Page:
Then her eyes left mine, no more unfocused than they already were. I saw her pupils relax completely, and was afraid. I shook her, but she did not move. Her weight was dead. Her pulse was dead. Her warmth was dead. I looked back at my house. And was horrified.
They all spun. Like a merry-go-round. Like a wheel, each figure floating as if they were underwater, hair and clothes strewn about their face. It floated in the middle. I remember seeing each one of their faces.
I walked up slowly, not needing to look back to know that the bloody girl was already gone. I wanted to be swallowed up in this blackness, the only way to escape this living nightmare. I looked at the doll, its hairs also floating as if it were underwater, and from it, a white light seeking in rays to escape the fiery blackness of its growing doll-hair. Its head snapped to look at me, its empty button eyes catching the light. Everyone dropped. Like dolls dropped by a forgetful and ignorant child. They bounce once and were still. The doll dropped last, and the powerful static pressing against the air dropped with it.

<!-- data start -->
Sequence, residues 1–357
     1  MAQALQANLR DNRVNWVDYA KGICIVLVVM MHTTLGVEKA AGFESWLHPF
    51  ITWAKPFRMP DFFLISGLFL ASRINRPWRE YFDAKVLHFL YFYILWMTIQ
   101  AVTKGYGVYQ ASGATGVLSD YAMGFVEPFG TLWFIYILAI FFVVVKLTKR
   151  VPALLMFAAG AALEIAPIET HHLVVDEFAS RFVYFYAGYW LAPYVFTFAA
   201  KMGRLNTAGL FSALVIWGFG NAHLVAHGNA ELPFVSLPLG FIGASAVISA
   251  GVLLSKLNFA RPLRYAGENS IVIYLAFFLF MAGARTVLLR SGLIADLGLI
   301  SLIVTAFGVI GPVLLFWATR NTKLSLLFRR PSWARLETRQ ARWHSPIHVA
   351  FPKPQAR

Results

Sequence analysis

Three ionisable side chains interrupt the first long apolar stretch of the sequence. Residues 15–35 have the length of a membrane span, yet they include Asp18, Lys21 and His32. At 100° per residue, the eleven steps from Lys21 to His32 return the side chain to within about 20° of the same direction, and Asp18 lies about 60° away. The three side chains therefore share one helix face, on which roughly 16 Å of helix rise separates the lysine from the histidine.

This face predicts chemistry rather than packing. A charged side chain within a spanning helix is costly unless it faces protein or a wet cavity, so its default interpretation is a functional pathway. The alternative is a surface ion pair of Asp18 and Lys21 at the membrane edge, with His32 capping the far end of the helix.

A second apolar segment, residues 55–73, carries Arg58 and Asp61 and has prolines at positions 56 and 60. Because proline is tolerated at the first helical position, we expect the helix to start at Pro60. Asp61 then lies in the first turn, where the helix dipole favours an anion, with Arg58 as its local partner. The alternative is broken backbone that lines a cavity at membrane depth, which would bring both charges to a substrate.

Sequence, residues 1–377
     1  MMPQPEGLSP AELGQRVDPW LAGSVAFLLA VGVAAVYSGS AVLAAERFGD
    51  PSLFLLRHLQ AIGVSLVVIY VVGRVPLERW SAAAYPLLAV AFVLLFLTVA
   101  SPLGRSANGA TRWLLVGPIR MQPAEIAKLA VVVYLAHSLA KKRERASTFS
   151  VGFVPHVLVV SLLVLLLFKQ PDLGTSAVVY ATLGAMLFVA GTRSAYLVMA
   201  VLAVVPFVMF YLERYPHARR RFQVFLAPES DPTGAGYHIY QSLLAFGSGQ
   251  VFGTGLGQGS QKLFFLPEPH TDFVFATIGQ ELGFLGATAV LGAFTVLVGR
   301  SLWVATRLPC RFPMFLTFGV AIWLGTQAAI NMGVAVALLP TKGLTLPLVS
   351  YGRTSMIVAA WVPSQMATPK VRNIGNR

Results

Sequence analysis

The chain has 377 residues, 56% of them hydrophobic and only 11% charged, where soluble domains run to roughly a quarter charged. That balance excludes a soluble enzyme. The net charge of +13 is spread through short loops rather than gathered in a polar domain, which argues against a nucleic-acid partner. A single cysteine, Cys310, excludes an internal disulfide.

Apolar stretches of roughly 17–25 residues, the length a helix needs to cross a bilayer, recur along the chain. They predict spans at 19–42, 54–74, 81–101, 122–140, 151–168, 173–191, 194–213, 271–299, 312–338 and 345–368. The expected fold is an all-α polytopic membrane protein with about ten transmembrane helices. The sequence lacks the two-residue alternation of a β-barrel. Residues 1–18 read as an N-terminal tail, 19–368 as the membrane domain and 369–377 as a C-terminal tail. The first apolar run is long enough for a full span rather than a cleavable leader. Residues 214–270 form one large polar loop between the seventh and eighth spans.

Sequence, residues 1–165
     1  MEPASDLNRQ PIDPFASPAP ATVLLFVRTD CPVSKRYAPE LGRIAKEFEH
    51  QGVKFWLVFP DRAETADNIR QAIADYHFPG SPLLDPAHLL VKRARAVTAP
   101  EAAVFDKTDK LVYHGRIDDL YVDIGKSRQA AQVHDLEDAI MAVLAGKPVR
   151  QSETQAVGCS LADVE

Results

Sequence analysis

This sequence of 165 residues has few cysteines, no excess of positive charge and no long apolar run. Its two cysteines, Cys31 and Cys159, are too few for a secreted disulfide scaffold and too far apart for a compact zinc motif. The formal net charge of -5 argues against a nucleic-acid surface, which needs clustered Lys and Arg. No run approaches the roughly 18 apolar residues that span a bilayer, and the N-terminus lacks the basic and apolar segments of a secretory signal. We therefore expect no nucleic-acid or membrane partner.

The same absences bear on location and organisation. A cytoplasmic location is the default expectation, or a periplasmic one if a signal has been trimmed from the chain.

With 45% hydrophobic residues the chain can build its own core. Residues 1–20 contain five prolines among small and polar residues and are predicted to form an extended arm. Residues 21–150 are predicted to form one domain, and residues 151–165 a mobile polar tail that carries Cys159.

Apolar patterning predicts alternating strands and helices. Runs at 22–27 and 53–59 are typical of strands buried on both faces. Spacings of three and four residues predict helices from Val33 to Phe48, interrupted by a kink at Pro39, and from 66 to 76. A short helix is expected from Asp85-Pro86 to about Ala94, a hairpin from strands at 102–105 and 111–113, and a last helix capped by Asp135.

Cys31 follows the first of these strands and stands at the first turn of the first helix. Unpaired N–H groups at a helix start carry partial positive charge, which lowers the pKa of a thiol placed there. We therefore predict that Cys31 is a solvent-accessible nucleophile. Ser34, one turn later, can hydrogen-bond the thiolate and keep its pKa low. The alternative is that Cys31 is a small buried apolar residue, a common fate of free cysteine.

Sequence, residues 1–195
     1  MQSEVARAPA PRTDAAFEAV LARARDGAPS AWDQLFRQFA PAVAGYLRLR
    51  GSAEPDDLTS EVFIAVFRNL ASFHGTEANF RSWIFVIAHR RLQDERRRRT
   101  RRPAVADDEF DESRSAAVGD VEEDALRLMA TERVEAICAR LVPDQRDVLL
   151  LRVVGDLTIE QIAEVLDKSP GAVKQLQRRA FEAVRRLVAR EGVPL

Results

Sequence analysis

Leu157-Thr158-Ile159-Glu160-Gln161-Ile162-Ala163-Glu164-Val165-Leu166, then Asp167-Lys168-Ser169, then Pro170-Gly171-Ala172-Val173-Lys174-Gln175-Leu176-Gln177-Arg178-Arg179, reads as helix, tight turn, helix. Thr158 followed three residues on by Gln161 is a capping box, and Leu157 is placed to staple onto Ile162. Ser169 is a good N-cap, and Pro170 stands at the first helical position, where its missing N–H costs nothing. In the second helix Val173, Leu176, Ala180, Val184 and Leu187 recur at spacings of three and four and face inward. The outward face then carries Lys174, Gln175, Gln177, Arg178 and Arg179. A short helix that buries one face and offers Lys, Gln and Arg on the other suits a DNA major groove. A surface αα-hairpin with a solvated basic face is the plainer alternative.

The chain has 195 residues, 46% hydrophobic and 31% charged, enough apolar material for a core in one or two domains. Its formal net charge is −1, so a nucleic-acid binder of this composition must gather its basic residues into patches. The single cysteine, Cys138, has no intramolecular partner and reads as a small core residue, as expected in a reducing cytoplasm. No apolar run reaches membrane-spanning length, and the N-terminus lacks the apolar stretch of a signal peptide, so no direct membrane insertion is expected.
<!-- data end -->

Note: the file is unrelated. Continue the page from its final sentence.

The signs were unmistakable. But like all the rest I decided, decided to ignore them. Like they were not reality. To go along with what the others saw. And I saw my first death. I saw my brother running, but saw that he had no face. It perturbed me to the depths of my soul, but I felt no alarm until I remembered the bloody girls words as he ran toward the railroad ties to jump into the yard below. Who is he? Then I remembered “The doll did it, took her away from me, and now I can’t remember her face, or her name! The doll will take everything from you, everyone you love, and then it will take your SOUL!!”